Just you wait
one day in about 8,000 years
when the Truth is forgotten
he’ll come around and make it all right.
Funny thing about the future,
it’s not about hope
which is what you want to happen
it’s not about worry
which is what you don’t
it’s what the sign in the dive bar
“Free beer tomorrow.”
Larry Oakner is a poet whose work has appeared most recently in the Shambhala Times, the Jewish Literary Journal, and Lost Coast Review.
In brief, when calamities befall me like bolts of lightning, It is the weapon of destructive karma returning upon me Just like the ironsmith slain by his own sword; From now on I will be heedful of nonvirtuous acts.
–Dharmarakshita, The Wheel of Sharp Weapons
When we fall ill, when someone dies, when plans created with painstaking care don’t work out, we are surprised—it seems like calamities befall me like bolts of lightning— because we believe life is not supposed to be like that. Especially when we live in a wealthy country that is relatively peaceful, it’s easy to take our good circumstances for granted. However, as long as we are in cyclic existence, unsatisfactory experiences and outright suffering will naturally come to us. Suffering is not a punishment, and it does not indicate failure. It is simply the weapon of destructive karma returning upon us like an ironsmith slain by his own sword. The smith crafted the sword in order to earn a living but was killed by his own creation. Similarly, we do harmful actions thinking they will further our ambitions, but they plant the seeds for our misery.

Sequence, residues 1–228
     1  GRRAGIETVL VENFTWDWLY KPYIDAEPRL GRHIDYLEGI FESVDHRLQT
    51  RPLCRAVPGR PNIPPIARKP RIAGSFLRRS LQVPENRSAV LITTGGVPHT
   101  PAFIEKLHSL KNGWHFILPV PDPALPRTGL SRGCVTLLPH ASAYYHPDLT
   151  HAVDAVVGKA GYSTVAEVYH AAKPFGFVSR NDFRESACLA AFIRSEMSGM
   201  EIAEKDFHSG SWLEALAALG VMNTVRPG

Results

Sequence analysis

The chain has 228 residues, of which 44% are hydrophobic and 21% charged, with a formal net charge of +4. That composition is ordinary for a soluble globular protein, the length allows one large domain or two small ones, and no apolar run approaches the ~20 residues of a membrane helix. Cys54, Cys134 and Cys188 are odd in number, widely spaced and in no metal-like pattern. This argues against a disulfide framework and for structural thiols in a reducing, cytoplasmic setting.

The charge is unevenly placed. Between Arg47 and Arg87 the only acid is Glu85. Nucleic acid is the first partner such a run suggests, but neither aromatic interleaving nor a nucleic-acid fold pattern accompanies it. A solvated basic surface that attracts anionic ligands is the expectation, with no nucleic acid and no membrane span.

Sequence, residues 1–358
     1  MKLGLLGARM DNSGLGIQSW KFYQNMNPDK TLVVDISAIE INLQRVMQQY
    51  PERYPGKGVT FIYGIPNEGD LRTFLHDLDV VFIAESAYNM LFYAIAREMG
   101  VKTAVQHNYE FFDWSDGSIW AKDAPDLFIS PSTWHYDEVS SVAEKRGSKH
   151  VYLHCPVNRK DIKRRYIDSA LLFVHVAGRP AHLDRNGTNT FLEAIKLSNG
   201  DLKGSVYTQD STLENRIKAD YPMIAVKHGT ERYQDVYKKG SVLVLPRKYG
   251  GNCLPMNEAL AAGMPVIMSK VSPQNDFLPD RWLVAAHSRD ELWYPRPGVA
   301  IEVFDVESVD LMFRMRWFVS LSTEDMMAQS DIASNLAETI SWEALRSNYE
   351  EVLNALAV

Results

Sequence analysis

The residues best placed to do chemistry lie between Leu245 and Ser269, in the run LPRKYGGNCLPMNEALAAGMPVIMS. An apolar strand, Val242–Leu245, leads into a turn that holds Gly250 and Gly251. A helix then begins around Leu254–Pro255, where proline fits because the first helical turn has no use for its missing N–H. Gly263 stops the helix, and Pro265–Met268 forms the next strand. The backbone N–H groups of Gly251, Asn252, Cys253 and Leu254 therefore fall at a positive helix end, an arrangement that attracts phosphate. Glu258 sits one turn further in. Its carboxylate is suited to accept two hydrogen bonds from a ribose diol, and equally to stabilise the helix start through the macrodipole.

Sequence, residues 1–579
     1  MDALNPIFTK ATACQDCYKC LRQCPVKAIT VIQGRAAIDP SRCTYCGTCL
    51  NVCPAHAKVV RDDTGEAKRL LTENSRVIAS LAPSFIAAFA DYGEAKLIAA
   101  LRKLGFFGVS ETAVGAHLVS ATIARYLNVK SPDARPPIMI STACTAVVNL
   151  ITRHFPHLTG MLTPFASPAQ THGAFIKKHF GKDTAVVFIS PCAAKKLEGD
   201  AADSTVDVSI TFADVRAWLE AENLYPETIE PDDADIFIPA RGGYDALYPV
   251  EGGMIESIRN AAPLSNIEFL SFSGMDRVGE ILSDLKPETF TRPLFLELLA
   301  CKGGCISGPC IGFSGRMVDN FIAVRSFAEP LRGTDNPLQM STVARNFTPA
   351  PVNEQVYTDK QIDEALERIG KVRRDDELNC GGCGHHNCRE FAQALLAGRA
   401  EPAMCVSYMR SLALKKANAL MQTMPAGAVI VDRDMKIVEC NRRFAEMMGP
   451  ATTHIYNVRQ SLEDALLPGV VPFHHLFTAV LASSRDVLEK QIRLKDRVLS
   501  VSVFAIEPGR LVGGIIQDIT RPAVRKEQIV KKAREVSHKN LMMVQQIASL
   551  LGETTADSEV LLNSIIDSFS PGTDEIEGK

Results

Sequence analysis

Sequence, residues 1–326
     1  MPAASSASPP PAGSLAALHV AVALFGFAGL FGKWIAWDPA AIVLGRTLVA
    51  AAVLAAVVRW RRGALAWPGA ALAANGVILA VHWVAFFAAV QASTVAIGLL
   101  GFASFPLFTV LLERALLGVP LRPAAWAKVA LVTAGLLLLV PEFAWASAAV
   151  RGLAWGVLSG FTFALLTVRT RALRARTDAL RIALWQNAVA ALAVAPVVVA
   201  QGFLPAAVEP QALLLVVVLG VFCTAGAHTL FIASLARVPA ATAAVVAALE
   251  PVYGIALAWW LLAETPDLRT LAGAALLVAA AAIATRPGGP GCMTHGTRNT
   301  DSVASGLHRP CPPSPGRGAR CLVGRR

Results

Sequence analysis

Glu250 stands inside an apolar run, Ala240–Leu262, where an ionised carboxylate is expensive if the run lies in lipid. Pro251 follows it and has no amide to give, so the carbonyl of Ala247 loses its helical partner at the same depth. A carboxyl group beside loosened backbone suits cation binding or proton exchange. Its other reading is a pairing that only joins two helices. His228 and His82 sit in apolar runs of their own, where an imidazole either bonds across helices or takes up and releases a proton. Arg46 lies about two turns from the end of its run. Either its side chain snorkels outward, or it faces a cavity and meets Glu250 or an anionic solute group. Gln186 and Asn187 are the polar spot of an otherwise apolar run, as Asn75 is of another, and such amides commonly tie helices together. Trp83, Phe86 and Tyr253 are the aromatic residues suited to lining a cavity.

No one else is to blame for this situation. We made the weapons. If we did not make the weapons, nobody could take them and throw them at us. If we did not create the karma, pain and frustration would not come our way. Rather than accusing others of being the source of our misfortune, we need to investigate our situation well and see that we are being slain by the weapons we created through the force of our own self-grasping ignorance and the afflictions it nourishes. In this way, we begin to take responsibility for our experiences. That gives us real power, because we see that we can change our experiences by changing our attitude and actions.
From Good Karma: How to Create the Causes of Happiness and Avoid the Causes of Suffering, © 2016 by Thubten Chodron. Reprinted with permission of Shambhala Publications, www.shambhala.com. Thubten Chodron, a Tibetan Budddhist nun of the Gelug school, is the founder and abbess of Sravasti Abbey in Newport, Washington.